Fewer young people in Southampton who get in trouble with the police are re-offending and fewer are entering the criminal justice system for the first time, figures from the Ministry of Justice reveal.
The improved outcomes for young people at risk of falling foul of the law are a result of a range of innovative practice being delivered the Southampton Youth Offending Service (YOS) and its partners.
The number of young people in Southampton entering the criminal justice system for the first time has reduced by almost half in two years - from 200 in 2012/13 to 102 in 2014/15 - while custodial sentences in the same period has fallen from 27 to 13.
The percentage of young people re-offending has dropped from 48.6 percent in 2011 to 33.8 percent by 2013 (the most recent verified figures available). This is better than the national average, where 37.2 percent of young offenders re-offend.
The Southampton YOS was formed in 2012 after devolving from the Wessex Youth Offending Service, to enable the team to provide a more focused, targeted service. Figures from 2011 showed that Southampton had one of the highest rates of young people re-offending in the region. The service has since turned this around, delivering improved outcomes for young people in the city across all its key indicators. Central to this improvement has been a focus on early intervention and strong, effective partnerships.
For example, a joint decision making panel was set up in April 2014 to review young people at risk of entering the youth justice system. The panel – with representatives from the YOS, police, health services and the council’s Early Help team – meets every week to discuss cases, ensuring that each young person is taken down the most appropriate pathway and gets the right support. This model has since been adopted by Portsmouth City Council and will be rolled out in Hampshire shortly.
Superintendent James Fulton, chair of Southampton’s Safe City Partnership, said: “In the past, there was a perception that there was little choice in terms of how young offenders were dealt with, which resulted in some young people not getting the support and supervision that was right for them and their circumstances. Ultimately this resulted in some remaining in the criminal justice system when there were alternatives. Now we have a weekly multi-agency meeting which allows us to fully explore all of the options available with a strong partnership approach to reducing youth offending and improving outcomes for victims of crime.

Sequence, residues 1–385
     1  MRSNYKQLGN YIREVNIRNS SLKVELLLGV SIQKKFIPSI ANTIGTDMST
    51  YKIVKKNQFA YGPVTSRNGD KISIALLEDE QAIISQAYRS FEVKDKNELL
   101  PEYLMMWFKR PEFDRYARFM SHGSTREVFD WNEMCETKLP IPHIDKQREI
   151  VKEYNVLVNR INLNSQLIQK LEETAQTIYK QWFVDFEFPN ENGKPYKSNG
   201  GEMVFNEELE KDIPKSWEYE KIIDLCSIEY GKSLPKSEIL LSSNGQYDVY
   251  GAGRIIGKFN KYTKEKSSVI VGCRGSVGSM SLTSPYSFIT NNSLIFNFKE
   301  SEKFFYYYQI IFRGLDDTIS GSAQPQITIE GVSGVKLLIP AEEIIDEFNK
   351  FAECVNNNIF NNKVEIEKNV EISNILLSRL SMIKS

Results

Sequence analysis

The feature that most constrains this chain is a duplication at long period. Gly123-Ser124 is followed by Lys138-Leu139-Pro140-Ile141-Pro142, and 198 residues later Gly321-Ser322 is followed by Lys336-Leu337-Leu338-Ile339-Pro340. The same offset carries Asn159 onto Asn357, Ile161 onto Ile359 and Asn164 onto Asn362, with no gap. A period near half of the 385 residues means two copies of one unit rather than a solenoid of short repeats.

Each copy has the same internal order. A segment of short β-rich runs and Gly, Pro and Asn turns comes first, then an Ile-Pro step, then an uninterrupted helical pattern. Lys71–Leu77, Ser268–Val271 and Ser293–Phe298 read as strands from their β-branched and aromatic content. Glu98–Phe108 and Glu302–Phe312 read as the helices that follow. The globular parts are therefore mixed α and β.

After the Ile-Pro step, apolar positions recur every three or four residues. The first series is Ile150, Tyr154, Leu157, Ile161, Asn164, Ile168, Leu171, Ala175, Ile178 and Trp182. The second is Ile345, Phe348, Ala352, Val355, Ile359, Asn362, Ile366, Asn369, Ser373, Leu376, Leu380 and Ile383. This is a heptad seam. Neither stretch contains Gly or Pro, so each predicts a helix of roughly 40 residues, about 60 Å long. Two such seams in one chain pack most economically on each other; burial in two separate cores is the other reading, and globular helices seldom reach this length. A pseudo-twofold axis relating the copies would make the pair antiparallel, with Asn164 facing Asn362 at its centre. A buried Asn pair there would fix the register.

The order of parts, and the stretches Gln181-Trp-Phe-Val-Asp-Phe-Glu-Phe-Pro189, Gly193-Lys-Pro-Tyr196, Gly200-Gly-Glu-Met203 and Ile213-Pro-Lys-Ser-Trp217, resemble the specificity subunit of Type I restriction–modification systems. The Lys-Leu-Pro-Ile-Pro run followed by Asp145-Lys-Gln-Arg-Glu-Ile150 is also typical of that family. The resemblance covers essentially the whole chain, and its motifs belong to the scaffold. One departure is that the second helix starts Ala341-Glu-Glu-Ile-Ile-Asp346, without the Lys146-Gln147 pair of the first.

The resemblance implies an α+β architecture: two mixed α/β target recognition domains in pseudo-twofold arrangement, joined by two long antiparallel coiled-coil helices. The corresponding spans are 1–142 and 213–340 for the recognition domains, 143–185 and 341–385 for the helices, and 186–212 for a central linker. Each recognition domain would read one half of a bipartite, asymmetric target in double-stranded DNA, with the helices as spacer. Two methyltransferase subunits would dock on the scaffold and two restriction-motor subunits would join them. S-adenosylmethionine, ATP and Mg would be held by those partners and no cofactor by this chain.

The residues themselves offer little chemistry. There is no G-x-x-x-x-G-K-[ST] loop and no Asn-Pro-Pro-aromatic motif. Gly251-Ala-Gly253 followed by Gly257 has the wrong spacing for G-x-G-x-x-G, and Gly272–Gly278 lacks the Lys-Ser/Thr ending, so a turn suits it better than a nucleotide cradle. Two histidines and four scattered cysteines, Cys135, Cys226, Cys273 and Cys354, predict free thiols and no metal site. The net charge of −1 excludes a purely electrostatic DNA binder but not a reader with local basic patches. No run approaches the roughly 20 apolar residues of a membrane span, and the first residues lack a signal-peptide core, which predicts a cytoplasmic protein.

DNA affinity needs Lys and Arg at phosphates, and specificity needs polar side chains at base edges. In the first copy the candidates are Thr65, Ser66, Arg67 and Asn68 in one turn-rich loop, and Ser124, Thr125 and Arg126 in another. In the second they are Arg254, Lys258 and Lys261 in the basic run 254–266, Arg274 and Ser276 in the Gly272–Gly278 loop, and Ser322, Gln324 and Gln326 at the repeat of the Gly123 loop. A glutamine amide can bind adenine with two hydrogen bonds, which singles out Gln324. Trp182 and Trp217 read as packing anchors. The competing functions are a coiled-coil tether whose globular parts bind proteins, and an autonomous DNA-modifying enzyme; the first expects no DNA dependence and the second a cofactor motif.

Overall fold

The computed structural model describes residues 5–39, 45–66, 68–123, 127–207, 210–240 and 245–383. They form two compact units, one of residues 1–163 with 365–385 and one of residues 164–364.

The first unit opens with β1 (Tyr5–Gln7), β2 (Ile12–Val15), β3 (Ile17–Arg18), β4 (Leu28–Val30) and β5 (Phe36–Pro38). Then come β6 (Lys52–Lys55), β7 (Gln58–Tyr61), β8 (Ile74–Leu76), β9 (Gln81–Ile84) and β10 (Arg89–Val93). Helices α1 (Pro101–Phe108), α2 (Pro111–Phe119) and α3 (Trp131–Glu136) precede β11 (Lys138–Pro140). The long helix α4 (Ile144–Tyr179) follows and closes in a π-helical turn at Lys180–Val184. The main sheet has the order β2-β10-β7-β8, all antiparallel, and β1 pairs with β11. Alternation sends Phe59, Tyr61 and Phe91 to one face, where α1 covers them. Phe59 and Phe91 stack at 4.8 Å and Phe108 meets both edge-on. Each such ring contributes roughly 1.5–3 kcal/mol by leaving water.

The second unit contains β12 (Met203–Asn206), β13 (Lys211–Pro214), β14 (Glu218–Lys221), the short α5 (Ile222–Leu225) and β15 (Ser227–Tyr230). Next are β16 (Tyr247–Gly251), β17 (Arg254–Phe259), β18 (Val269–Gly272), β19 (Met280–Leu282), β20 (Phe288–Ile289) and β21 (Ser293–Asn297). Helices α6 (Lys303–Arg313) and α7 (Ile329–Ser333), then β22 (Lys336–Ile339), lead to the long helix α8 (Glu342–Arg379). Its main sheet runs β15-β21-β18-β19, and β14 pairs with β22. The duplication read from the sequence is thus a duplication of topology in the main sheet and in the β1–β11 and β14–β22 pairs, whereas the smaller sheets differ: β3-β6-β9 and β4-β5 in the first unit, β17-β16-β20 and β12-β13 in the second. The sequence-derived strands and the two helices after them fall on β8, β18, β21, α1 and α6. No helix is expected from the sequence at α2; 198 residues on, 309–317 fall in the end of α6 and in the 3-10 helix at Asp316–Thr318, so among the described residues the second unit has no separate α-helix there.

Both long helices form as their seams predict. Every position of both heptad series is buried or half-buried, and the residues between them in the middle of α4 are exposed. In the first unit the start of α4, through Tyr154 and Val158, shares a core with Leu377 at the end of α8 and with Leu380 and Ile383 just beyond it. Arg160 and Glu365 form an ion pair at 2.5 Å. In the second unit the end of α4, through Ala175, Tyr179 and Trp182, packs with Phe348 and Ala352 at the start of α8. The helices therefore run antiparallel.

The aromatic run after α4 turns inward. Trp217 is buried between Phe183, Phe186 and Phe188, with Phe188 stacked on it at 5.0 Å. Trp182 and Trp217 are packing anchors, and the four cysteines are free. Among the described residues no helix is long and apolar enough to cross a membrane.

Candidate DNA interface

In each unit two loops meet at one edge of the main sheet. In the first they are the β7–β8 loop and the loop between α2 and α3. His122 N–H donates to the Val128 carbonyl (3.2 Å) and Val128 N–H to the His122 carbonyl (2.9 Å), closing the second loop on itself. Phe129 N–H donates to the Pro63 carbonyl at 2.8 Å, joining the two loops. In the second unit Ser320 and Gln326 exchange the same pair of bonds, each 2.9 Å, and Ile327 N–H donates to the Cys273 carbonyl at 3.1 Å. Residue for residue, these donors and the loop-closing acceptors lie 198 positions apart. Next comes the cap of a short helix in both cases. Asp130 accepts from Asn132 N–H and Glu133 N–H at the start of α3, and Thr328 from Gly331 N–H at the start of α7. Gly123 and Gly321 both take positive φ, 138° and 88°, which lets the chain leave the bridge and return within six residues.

"The great partnership approach between all agencies and the voluntary sector has led to this significant progress. Now is not a time to get complacent, but continue to work hard on alternative solutions to managing young people who have brushes with the law. Diversion and education is the best approach, but this should not stop us using the ultimate sanction of criminal convictions and custodial sentences when the offending is repeated and for the most serious offences"
There has been a renewed focus on the quality of the work and the types of interventions that YOS staff deliver, with the recognition that offering education, training and employment opportunities for young people is the key route out of a life of criminal behaviour.
The Southampton YOS works closely with Southampton City Council’s Skills and Regeneration Team and the Wheatsheaf Trust, a local charity that helps people with a range of issues, working directly with individuals to help them find work and training. The YOS ‘Priority Young People’ scheme identifies those at the highest risk of entering the criminal justice system or of re-offending and therefore most in need of intensive support and sets up individually tailored packages that meet their needs.
The team also recognises the importance of other forms of positive activity in reducing offending, including engaging with arts and culture. Working closely with the John Hansard Gallery, Southampton YOS was recently awarded the ‘Artsmark’ accreditation – Arts Council England’s flagship programme to enable organisations that work with young people to strengthen and celebrate their arts and cultural provision, broadening horizons and raising aspirations. The delivery of the YOS’s Arts Award activities was cited by the national Youth Justice Board as ‘emerging best practice’. Young people achieve an Arts Award qualification which can often be the springboard to them re-starting in education, training or employment.
Cllr Satvir Kaur, Southampton City Council’s cabinet member for Communities and Leisure, said: “I’m really pleased that we have managed to turn around Southampton’s Youth Offending Service. In recent years there has been a real focus to ensure fewer first time entrants and re-offenders and partnership work has been the crux of this success.
“Agencies have worked hard to come together on this. We know that children and young people offend for a variety of complex reasons – therefore making sharing knowledge, experience and skills, an essential part in ensuring better outcomes for young people in our city.
“Our individually tailored packages has helped in breaking the offending cycle and raise aspirations for many of our young people, and presenting young people with their Artsmark awards that they achieved through the Youth Offending Service is one of the highlights of my year.
“It’s great that the Southampton approach is being pioneered as best practice.”